Turkey headed to a one-party system, critics say | Europe | News and current affairs from around the continent | DW | 09.06.2011

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Turkey headed to a one-party system, critics say

Turkey's Islamist-rooted conservative ruling party is expected to easily win a third term. While the AKP promises broader democratic rights, critics fear a landslide victory would lead to a "one man, one party" system.

Turkish Prime Minister Recep Tayyip Erdogan

Turkey may be headed for a turning point under Erdogan

Turkish Prime Minister Recep Tayyip Erdogan's AKP is almost certain to win Turkish elections on June 12. Polls show support for the party ranging from 42 percent to 50 percent, predicting a landslide victory.

Critics fear such a victory would help Erdogan tighten his grip on power and establish a de facto one-party system. That could undermine freedom and democratic rights and raise pressure on the secular opposition and Kurdish groups.

The AKP has dismissed the criticism and has promised that a new civilian constitution would be adopted.

Turkish Prime Minister Recep Tayyip Erdogan and US President Barack Obama

Turkey's role in international politics is growing

"Fears about the future of democracy in Turkey are unfounded," said Volkan Bozkir, a former career diplomat who has led efforts for Turkey's campaign for EU membership and is now an AKP deputy candidate for parliament.

"AKP has already been in government as a single party for the last eight and a half years. Turkey has already come closer to an advanced democracy, founded on liberal ideas, freedom and free enterprise, with a larger role for civil society, with basic rights and freedoms guaranteed by the system."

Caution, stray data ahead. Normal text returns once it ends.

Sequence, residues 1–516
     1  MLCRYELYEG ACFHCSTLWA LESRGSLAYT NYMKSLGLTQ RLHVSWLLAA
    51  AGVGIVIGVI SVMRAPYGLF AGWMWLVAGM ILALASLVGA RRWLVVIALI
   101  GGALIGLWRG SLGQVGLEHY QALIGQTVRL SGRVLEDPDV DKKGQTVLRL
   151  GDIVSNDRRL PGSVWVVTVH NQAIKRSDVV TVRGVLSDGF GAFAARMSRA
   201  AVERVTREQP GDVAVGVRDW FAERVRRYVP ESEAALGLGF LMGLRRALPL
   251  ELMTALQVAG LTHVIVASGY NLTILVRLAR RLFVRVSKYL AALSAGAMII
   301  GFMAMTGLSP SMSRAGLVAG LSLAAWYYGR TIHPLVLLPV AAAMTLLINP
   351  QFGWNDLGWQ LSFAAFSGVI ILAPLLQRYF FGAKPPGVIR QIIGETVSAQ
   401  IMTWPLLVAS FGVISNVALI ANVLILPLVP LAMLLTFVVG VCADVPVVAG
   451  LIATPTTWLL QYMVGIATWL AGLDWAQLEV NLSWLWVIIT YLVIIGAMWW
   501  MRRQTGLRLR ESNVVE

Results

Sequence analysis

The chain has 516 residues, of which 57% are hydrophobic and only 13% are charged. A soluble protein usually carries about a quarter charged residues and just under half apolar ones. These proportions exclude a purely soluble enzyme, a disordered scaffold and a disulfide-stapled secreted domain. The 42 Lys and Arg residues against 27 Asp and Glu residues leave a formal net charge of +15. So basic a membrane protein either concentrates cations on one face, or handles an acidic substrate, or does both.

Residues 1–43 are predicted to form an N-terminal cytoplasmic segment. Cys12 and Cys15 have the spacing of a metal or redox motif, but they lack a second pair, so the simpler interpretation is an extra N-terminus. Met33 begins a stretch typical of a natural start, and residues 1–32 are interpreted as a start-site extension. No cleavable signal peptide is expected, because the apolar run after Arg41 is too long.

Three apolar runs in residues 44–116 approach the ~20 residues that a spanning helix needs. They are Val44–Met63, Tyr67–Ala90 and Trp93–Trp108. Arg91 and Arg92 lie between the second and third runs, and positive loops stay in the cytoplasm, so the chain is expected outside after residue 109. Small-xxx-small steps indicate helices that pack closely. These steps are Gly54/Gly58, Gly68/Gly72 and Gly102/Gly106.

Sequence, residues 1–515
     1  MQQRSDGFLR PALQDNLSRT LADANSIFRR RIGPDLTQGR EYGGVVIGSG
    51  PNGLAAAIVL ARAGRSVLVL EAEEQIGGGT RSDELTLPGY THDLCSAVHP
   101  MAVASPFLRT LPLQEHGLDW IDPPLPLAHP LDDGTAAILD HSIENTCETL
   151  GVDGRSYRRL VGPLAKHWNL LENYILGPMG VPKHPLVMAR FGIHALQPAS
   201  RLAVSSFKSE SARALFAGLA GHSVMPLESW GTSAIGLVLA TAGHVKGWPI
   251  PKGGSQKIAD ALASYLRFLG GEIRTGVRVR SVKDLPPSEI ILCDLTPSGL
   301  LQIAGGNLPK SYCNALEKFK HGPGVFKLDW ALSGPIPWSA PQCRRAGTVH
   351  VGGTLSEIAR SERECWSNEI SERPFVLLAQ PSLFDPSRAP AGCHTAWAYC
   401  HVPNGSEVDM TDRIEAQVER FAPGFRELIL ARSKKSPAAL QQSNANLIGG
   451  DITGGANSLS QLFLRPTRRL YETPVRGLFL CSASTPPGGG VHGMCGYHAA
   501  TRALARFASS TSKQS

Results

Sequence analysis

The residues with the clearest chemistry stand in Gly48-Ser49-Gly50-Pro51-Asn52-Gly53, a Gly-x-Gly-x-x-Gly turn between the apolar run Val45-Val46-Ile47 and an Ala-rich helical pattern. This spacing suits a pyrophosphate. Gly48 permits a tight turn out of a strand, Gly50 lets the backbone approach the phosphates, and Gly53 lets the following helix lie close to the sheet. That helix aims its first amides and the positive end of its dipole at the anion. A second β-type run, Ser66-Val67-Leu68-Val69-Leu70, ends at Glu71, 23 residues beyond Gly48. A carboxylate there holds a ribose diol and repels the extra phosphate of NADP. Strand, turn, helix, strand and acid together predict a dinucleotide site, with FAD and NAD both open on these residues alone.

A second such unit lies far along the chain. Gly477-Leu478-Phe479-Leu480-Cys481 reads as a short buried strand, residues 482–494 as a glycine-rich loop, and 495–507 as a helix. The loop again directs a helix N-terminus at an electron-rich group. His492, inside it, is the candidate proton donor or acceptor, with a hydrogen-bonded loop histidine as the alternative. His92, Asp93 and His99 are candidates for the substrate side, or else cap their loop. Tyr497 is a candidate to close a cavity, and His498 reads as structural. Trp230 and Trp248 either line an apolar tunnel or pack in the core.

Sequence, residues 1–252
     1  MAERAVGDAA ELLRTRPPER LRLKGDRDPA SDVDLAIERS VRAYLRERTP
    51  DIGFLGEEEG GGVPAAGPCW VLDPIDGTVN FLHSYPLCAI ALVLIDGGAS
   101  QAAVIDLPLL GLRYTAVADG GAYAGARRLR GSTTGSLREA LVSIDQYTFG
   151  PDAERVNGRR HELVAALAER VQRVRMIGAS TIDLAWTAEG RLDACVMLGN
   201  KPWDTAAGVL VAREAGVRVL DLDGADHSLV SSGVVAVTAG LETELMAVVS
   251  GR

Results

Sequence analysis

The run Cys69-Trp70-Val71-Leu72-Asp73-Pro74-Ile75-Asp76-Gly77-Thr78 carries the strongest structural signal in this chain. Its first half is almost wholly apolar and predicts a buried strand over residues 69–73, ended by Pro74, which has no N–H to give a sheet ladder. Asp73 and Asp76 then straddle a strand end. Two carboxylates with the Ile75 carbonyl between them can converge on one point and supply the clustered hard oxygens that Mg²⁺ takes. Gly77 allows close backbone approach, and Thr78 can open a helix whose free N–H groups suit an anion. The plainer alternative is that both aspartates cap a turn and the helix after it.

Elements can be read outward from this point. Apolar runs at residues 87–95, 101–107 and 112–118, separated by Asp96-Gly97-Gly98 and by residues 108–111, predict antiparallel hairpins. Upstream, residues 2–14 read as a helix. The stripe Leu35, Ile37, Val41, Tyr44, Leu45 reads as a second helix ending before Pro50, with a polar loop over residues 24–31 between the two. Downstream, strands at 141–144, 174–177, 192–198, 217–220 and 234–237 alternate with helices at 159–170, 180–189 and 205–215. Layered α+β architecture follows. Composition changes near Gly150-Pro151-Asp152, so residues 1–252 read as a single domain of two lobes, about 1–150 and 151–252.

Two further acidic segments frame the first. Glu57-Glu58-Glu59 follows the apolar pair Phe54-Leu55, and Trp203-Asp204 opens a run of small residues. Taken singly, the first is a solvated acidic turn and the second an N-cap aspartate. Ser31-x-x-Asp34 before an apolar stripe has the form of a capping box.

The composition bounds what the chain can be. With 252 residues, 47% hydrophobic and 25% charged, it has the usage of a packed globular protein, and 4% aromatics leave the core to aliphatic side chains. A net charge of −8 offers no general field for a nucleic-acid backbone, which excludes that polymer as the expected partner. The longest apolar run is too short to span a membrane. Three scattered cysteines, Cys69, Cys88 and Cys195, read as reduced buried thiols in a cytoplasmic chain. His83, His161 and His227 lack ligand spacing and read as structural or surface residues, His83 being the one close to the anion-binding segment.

In the last decade, Turkey has become one of the world's fastest growing economies. It significantly boosted its role in international politics, even at times causing diplomatic rifts between Turkey's longtime ally, the US, and Israel. While Turkey gained more international recognition as a growing regional power, its record in democratic rights and freedoms has deteriorated in recent years.

Polarization and the suppression of criticism

The Washington-based think tank Freedom House views Turkey as a "partly free" country and criticizes the government for its restrictions on press freedom. According to the Organization for Security and Cooperation in Europe (OSCE), Turkey is currently holding at least 57 journalists in prison. Restrictions on access to the Internet, deliberate and widespread wire-tapping practices and a growing government intolerance of critics are also concerns.

"There is widespread concern that Turkey is heading towards one-man, one-party rule," said Dogan Tilic, spokesman for the G9 group, a platform of leading Turkish journalist associations. "We are entering into a more difficult period for journalists. More and more journalists are detained. This is very bad for press freedom and freedom of expression in Turkey."

AKP first came to power in 2002, with 34.3 percent of the vote. In 2007, it won 46.6 percent, but during these two terms, it could not get an absolute majority. If the party now wins 367 seats or more, it will have an absolute majority in parliament and will be able to change the constitution, without the need for a referendum.

A Turkish military school's marching band

The military has lost some of its sway under Erdogan